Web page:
Tuesday, August 22, 2017

Li-Fi Could Boost Wi-Fi

Upcoming wireless protocol Light Fidelity or Li-Fi could be used to complement and boost Wi-Fi by turning special LED light bulbs into network access points, and by co-existing in mobile devices to improve performance.

What Is Li-Fi?

Light Fidelity or Li-Fi is a wireless protocol that uses the visible light spectrum to provide wireless networking access. It essentially a way of using light to transfer data.

Li-Fi was first introduced in 2011 at a TEDGlobal conference by Professor Harald Haas. Professor Haas is reported to have created Li-Fi because he believed that the RF spectrum wasn’t enough for things like multimedia, and he was inspired by the spectrum crunch i.e. the lack of available wireless frequencies needed to support a growing number of consumer devices.

How Could It Work?

Professor Harald Haas demonstrated at the Mobile World Congress how a Li-Fi dongle, an integrated Li-Fi luminaire (light bulb), and a bi-directional link with special photo detector at both ends (in each) could be used to send and receive data. The dongle (plugged into a mobile device) can thereby send infrared LED data to the ceiling light. The light(s) can be hooked up to a network for example.

As a person moves around with the device, multiple Li-Fi lights in the room could mean that the device is able to automatically detect where the strongest signal is coming from, and can shift to that light source so the signal always stays connected and at full strength. In this way Wi-Fi could be boosted and improved with the help of Li-Fi.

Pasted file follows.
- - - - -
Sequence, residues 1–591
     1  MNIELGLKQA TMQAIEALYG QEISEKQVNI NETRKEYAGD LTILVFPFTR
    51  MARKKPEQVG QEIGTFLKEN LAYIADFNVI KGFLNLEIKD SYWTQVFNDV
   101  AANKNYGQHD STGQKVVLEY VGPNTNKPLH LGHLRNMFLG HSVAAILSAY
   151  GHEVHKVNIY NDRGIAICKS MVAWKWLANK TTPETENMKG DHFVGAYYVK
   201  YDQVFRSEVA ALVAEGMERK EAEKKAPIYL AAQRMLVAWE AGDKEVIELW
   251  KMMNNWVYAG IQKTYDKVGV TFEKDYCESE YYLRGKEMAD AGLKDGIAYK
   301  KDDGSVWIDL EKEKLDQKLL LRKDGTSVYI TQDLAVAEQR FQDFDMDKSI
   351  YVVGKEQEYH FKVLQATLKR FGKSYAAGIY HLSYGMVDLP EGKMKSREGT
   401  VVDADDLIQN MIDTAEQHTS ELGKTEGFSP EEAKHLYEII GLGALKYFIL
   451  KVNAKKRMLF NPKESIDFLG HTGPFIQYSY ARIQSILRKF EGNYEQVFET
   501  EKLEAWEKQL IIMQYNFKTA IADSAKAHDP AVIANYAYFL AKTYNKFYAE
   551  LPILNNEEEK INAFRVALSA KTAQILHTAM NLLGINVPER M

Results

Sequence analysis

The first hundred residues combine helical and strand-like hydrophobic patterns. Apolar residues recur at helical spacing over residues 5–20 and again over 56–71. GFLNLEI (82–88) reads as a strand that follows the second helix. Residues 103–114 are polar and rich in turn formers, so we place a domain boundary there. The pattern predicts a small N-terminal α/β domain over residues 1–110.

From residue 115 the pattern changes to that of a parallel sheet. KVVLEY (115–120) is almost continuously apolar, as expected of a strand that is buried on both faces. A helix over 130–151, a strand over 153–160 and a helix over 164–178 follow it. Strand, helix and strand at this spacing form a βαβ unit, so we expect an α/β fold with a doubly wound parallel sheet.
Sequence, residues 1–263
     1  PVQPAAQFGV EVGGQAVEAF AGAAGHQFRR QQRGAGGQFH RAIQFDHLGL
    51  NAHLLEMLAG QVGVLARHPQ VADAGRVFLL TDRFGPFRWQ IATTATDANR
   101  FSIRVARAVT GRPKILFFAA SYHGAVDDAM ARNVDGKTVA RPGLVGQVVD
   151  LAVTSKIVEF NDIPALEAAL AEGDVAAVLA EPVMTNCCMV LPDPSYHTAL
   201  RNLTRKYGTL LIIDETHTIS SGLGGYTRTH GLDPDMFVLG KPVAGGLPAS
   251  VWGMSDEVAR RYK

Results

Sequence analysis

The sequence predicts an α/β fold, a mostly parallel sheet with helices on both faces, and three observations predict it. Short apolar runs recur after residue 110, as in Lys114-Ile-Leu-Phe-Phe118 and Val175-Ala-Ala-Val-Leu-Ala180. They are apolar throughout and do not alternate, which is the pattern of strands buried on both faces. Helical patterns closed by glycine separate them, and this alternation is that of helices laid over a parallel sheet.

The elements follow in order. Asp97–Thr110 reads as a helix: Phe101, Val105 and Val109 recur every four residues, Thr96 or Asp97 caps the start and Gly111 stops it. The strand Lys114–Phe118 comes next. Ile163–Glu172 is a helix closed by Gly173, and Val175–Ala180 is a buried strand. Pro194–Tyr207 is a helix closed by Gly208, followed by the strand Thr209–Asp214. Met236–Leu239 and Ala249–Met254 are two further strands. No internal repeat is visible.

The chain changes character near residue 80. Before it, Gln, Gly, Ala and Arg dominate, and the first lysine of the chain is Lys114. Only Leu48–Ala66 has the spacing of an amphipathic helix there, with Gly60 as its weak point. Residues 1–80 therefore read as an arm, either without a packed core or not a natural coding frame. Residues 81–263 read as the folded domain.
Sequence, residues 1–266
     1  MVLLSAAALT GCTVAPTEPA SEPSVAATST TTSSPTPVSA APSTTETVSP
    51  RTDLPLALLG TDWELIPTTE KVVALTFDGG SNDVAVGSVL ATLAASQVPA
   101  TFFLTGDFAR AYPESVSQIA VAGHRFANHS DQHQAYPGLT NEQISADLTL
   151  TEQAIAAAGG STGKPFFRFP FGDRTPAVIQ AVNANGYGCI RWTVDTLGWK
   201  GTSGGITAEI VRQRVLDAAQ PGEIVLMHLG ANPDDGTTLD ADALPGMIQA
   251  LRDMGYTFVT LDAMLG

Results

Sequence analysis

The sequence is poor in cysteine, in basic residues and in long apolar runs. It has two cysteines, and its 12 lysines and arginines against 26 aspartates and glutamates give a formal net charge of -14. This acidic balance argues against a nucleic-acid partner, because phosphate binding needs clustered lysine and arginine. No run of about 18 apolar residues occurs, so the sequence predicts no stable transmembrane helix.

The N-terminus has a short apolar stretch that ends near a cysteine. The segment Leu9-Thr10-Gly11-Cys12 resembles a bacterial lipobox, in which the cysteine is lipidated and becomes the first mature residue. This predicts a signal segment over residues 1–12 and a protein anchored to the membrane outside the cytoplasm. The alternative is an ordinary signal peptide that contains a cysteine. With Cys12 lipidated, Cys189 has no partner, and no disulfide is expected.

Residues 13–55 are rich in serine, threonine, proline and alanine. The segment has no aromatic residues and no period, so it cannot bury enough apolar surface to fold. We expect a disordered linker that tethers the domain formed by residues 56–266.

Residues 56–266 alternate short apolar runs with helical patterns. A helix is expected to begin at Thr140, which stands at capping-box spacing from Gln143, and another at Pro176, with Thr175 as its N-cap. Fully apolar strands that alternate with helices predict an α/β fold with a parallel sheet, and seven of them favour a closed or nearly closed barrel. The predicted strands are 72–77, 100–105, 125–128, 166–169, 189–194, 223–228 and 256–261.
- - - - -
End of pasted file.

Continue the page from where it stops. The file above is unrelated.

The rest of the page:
Faster Than Wi-Fi

With Li-Fi, a Li-Fi transmitter uses LED lights to control light intensity. This data can then be read by a photosensitive receiver. The advantage here is speed. This is because LEDs use chips to control light output and thereby achieve millions of modulations per second, thus enabling LEDs to transmit data up to 100 times faster than Wi-Fi.

Wi-Fi’s Impact

Many of us now rely upon Wi-Fi as we increasingly need and use mobile computing and communications for our work and social lives. Employees use Wi-Fi to access corporate networks, and independent workers turn coffee shops into offices using Wi-Fi.

Wi-Fi’s Shortcomings

Although Wi-Fi is now used widely, it has several known shortcomings. For example, distance is often an issue, walls are literal barriers for connection, and Wi-Fi connections can be insecure and easily hacked. Also, despite the increase in bandwidth over time, an access point becomes a bottleneck when many users access it all at the same time, and there are real issues with security and scalability.

Complementary

Although Li-Fi cannot penetrate a wall, it could be used to complement and help reduce some of the shortcomings of Wi-Fi. Both technologies could co-exist in devices like smartphones, tablets, and laptops.

A Long Way Off

Many technical commentators have pointed out that the use of Li-Fi e.g. in mobile devices, is still likely to be at least 5 years off. Challenges to its wide scale introduction, for example, include the fact that special receivers and transmitters will need to be incorporated in mobile devices, and specially designed chips will be needed to encode and decode to convert light signals into data.

What Does This Mean For Your Business?

As more of us rely on an increasing number of smart and mobile devices, and with the challenges of a limited number of frequencies we can use, coupled with the obvious shortcomings of Wi-Fi, something needs to be done. Li-Fi provides a workable way to overcome many of the challenges we face with Wi-Fi and to give it a much needed boost. It’s also an innovative way of linking existing technologies together that could provide new opportunities for businesses as suppliers e.g. marketing Li-Fi light bulbs, and as users.

It is important to realise, however, that, for all its promise, Li-Fi is still a work in progress, and the predictions are that it could be very costly and politically difficult to introduce any time soon on a large scale.

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